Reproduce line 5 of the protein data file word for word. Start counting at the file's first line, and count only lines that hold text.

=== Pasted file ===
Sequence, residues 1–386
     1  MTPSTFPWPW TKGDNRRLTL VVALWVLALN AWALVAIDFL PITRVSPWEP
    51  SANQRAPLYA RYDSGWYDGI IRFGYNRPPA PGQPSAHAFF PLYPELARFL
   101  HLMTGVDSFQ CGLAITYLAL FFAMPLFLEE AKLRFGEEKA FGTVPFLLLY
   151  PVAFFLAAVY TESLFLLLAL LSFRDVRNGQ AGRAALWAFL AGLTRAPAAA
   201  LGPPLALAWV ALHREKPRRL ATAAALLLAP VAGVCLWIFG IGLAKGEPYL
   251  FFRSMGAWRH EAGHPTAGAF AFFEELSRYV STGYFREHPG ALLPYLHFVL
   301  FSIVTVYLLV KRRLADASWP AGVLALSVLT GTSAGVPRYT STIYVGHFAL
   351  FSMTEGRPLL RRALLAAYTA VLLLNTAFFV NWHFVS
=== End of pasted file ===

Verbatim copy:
   151  PVAFFLAAVY TESLFLLLAL LSFRDVRNGQ AGRAALWAFL AGLTRAPAAA